- Dip a blanket in the water and place it over the burning mulch.
- Wait until the fire is extinguished and there’s only smoke left.
- Repeat the process to cover all the minor blazes.
Method 4: Create a Fire Break
In case there are no water sources nearby, you need to create a fire break. Use heavier equipment such as a bulldozer to quickly dig a trench around the whole perimeter of the fire.
This way, the blaze can’t spread further unless there’s a very strong wind. You can use handheld tools too, but they will take time.
Preventing Mulch Piles from Catching Fire
Thankfully, mulch fires can be prevented just by taking some easy measures. You have to make sure there are no fire sources around the mulch. It’s also important to keep the mulch wet.
Here’s how you can easily prevent a mulch fire −
Monitor Mulch Pile Temperature
Regularly monitoring your mulch piles is the best way to protect them from combustion. Dry mulch piles gather high heat and smoke starts to form as the temperature rises.
Upon coming in contact with an open flame, the smoke turns into fire and spreads immediately.
So, you need to check the temperature of the mulch pile with a temperature gun. If the reading exceeds 155-185°F, break the pile and make it wet to release the heat.
Create Mulches in Safe Locations
If there’s a fire source near the mulch, it’s a potential fire hazard. Don’t plant any heat sources or spark plugs near mulch piles.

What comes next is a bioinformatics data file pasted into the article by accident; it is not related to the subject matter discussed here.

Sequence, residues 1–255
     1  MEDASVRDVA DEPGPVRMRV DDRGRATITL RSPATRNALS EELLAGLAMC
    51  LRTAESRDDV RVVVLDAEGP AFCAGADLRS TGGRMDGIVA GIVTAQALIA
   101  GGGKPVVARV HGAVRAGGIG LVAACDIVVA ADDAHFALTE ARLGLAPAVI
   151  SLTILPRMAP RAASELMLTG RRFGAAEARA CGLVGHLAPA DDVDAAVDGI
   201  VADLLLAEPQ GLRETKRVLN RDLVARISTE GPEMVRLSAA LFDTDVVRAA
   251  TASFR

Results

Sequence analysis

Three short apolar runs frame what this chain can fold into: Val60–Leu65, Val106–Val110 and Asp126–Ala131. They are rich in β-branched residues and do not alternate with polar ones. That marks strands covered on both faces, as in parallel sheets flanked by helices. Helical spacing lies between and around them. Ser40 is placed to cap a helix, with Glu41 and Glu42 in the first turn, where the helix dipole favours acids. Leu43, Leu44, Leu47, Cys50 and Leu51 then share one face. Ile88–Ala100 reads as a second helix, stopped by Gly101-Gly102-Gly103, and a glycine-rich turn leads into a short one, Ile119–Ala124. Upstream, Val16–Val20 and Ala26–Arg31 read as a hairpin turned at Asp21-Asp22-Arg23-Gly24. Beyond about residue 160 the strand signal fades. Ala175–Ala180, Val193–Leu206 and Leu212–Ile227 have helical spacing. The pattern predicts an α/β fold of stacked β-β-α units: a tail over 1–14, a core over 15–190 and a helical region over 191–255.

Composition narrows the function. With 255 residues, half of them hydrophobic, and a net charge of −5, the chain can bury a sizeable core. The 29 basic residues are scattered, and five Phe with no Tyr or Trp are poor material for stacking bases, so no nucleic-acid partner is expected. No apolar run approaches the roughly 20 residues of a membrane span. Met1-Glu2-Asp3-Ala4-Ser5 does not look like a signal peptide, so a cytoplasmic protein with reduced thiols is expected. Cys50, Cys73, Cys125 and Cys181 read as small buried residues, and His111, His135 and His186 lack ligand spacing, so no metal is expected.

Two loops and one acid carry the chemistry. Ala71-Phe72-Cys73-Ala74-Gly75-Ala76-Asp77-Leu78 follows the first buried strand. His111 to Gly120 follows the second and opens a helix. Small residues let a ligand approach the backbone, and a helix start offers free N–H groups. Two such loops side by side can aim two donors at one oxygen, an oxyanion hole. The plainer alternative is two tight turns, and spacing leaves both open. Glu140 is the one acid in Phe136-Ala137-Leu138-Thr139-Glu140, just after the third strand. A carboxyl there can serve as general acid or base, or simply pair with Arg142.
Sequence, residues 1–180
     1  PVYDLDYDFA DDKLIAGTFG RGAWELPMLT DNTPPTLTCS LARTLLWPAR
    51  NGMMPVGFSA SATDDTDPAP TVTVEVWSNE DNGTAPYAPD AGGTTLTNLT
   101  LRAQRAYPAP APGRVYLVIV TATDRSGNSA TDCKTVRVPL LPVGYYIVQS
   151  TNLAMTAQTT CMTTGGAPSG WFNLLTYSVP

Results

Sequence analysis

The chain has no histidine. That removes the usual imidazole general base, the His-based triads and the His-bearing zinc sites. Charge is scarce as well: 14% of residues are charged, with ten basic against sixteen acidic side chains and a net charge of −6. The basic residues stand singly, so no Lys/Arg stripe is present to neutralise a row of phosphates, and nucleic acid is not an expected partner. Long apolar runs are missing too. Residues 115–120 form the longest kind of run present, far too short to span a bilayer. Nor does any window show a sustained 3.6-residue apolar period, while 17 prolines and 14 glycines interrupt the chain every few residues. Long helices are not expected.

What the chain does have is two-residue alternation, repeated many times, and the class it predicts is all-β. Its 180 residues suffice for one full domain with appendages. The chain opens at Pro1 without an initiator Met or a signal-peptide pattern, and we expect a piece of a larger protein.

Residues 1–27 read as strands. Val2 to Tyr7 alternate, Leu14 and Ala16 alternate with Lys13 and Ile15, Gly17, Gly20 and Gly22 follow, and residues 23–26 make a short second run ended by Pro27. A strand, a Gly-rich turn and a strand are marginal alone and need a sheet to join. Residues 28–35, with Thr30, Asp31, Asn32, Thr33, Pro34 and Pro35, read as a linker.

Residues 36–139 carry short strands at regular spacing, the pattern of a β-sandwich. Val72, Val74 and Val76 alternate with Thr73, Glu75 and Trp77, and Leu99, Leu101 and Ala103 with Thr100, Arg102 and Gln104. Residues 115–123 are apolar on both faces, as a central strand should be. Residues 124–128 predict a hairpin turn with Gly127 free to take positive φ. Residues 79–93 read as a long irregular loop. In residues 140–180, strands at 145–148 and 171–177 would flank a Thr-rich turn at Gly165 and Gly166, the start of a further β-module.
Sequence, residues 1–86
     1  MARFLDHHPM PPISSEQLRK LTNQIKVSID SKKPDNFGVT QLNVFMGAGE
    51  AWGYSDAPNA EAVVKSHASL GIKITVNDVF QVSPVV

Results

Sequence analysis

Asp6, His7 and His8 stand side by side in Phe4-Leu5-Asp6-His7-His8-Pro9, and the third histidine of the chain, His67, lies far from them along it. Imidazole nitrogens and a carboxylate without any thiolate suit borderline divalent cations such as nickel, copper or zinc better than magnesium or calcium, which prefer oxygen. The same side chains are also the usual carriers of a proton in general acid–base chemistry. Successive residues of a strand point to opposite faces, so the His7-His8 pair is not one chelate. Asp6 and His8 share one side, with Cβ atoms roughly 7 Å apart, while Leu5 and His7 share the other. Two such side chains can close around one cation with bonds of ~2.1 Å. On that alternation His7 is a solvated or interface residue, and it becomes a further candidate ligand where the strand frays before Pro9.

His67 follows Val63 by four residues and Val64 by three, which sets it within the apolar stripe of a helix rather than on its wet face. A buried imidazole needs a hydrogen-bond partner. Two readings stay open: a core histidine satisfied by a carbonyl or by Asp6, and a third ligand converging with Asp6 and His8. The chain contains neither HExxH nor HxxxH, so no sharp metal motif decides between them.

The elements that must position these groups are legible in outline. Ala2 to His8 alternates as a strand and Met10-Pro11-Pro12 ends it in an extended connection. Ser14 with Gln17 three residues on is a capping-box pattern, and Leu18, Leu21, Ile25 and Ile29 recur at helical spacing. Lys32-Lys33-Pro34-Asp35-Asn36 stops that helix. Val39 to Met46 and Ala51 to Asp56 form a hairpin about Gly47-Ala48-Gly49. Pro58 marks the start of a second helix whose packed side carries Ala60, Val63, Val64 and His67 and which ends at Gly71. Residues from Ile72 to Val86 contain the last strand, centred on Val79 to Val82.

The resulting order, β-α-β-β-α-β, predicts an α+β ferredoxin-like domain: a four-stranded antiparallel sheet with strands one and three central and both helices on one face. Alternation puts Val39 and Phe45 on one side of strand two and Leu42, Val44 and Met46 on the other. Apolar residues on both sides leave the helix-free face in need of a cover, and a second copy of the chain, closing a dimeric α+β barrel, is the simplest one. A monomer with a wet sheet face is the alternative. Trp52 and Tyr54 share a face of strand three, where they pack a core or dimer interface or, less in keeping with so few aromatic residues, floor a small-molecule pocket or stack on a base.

Provide at least 30 feet of clearance between your house and the mulch piles. In case you’re planting multiple mulches, be sure to maintain a 5 feet distance between two piles.
Water the Mulch Piles
Lack of moisture is the key reason why mulch piles catch fire. If your mulch piles have been seasoned for 6 months or more, there’s a high chance these piles are dry and hot.
So, you must water your old mulch pile regularly, especially if it’s made of pine needles or shredded red cedar.
Don’t Make High Mulch Piles
High mulch piles hold more heat which paves the way for creating hot steams. It will help the organic materials to ignite more easily.
Try to make thin mulch layers; 2 to 4 inches thick piles are preferable. Don’t make the mulch piles higher than 6 inches if you want to prevent them from catching fire.
Frequently Asked Questions
1. How does mulch generate heat?
Mulch contains organic materials that absorb the heat coming from the sun. Besides, the soil bacteria decompose the organic materials and release energy in the form of heat. This way, mulch piles keep generating heat.
2. How hot does wood mulch get?
If built correctly, wood mulch can easily generate up to 141°F to 155°F only within 24-36 hours. The temperature will remain constant for weeks and start rising further if the environment remains hot and dry.
3. Is mulch safe to breathe?
No, you must not breathe mulch as it contains harmful bacteria. Inhaling organic mulch increases the chances of breathing in Legionella bacteria. Besides, older mulches might produce toxic gases like methane or carbon monoxide.
So, is mulch flammable? There you have the answer. Organic mulch is highly combustible given the right environmental conditions. In hot and dry weather conditions, mulch can dry out quickly, which increases its flammability.
Also, if the mulch is located near heat sources or ignition sources like cigarettes, grills, or other open flames, it can become a fire hazard. So, you must keep a safe distance between mulch and populated structures to reduce the risk of fire spreading.